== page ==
Research Hall, #301
September 13, 2016, 01:00 PM to 10:00 AM
Self-affirmation is a psychological process in which individuals draw upon important aspects of their self-concept to maintain a positive evaluation of themselves. Previous work has found that self-affirmation can reduce biased processing of information that conflicts with individuals’ prior beliefs or political ideology. However, little research has examined the effect of self-affirmation in the domain of climate change communication.
Furthermore, much of the existing literature has relied upon methods of inducing self-affirmation that are highly contrived and not easily transferrable to applied public engagement efforts (e.g., having participants write an essay for several minutes before reading a message). Previous work suggests that self-affirmation works in part by activating a number cognitions and emotions associated with close interpersonal relationships. Specifically, prior evidence suggests that self-affirmation increases feelings of 1) love, 2) connectedness, and 3) social belongingness; and 4) increases the importance attached to aspects of an individual’s identity tied to their role in close interpersonal relationships (e.g., as a friend or family member) relative to the threatened aspects of their identity (e.g., their political identity). Therefore, one goal of this dissertation was to test a novel method of inducing self-affirmation embedded directly into the content of a message by prompting individuals to think about the importance of these interpersonal relationships and what they would do to protect their friends and family members from a threat like climate change. I conducted a randomized, controlled experiment to compare this applied form of self-affirmation to traditional methods of inducing self-affirmation in terms of its ability to reduce ideologically motivated resistance to information about climate change. Additionally, I investigated whether this new method of self-affirmation operates through a similar psychological mechanism compared to traditional methods of self-affirmation by examining the aforementioned variables that may mediate the effect of self-affirmation on attitudes about climate change.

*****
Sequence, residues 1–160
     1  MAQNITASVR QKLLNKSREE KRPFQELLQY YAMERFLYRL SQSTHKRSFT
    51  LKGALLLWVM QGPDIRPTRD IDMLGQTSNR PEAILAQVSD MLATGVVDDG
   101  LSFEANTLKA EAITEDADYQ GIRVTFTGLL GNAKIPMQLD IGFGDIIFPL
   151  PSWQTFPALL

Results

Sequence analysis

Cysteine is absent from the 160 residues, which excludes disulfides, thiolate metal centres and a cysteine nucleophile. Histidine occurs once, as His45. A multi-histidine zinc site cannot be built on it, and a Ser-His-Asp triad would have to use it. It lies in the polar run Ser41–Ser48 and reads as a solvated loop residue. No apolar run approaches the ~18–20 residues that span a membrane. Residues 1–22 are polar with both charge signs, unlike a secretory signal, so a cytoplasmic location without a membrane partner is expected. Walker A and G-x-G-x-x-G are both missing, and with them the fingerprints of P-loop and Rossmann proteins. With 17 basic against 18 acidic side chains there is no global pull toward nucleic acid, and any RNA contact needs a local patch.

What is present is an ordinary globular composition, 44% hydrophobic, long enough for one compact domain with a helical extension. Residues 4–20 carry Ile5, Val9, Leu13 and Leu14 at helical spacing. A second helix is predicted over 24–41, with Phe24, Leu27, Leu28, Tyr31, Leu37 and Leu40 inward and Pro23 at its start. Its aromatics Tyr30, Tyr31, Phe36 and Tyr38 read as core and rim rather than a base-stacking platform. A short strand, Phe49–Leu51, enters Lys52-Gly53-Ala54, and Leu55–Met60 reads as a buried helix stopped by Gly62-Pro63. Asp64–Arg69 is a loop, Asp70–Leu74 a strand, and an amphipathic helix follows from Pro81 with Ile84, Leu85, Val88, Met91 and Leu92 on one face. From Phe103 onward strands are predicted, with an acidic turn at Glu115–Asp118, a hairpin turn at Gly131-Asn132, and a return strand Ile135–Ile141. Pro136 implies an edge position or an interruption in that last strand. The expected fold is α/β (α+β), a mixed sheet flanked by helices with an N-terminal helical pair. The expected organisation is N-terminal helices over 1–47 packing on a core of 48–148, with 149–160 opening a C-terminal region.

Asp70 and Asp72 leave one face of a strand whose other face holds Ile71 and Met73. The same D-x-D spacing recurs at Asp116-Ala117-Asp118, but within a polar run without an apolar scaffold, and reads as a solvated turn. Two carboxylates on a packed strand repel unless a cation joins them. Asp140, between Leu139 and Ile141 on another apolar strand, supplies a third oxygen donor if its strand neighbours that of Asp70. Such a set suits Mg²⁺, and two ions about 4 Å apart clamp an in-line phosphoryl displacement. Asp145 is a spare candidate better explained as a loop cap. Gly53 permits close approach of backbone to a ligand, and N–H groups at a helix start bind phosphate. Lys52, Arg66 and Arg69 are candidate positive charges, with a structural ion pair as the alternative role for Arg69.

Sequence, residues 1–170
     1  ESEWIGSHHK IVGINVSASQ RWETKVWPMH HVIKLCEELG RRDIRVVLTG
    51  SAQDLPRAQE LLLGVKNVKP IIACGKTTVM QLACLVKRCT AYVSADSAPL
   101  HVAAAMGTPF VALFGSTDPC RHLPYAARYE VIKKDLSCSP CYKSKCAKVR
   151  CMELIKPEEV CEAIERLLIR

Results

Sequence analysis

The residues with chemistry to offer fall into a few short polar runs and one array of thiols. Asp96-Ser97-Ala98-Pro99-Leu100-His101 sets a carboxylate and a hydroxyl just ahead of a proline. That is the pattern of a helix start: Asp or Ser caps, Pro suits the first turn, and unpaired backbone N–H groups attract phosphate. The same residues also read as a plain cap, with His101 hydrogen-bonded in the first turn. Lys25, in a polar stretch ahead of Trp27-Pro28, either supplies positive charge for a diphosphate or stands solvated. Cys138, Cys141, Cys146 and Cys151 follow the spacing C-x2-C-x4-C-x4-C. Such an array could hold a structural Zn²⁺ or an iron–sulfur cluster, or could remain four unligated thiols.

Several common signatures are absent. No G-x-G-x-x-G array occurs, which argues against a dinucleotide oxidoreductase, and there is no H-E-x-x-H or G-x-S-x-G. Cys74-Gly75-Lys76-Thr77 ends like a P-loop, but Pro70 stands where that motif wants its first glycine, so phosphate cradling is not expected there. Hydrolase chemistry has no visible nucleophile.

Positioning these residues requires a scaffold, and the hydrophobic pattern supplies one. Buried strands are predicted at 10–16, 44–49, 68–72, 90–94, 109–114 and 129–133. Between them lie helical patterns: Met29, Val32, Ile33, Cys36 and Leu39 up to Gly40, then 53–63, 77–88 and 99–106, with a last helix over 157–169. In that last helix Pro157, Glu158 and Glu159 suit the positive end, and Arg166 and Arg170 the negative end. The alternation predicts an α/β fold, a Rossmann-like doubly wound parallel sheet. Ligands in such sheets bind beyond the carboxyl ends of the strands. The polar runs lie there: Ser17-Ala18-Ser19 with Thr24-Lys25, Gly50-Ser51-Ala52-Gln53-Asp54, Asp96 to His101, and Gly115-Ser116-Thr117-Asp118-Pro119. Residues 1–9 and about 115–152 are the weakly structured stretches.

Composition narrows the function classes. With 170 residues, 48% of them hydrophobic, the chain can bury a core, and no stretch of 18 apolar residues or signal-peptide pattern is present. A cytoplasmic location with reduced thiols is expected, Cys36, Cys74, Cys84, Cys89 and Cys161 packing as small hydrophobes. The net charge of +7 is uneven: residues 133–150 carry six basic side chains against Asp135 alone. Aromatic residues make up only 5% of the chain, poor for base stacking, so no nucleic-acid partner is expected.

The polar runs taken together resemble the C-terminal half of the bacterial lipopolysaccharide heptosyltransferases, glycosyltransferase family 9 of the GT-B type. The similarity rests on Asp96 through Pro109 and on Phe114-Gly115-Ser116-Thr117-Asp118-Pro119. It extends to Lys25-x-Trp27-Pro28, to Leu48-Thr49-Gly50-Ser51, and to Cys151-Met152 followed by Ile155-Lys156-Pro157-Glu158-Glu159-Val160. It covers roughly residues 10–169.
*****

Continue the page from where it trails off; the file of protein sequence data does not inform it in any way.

Contrary to expectations, I found that the traditional method of self-affirmation, the applied method of self-affirmation, as well as the combination of the two have an undesirable direct effect on multiple climate change beliefs and attitudes. However, consistent with expectations, mediation analysis reveals that the traditional and applied forms of self-affirmation (as well as the combination of the two) have a relatively smaller, but desirable indirect effect on a number of climate change beliefs and attitudes. These indirect effects operate through changes in the importance people attach to aspects of their identity tied to their role in interpersonal relationships relative to their political identity, as well as increased feelings of love and connectedness, but not through social belongingness. This pattern of effects was consistent across ideological groups, including political liberals, moderates, and conservatives. Implications for theory and practice are discussed.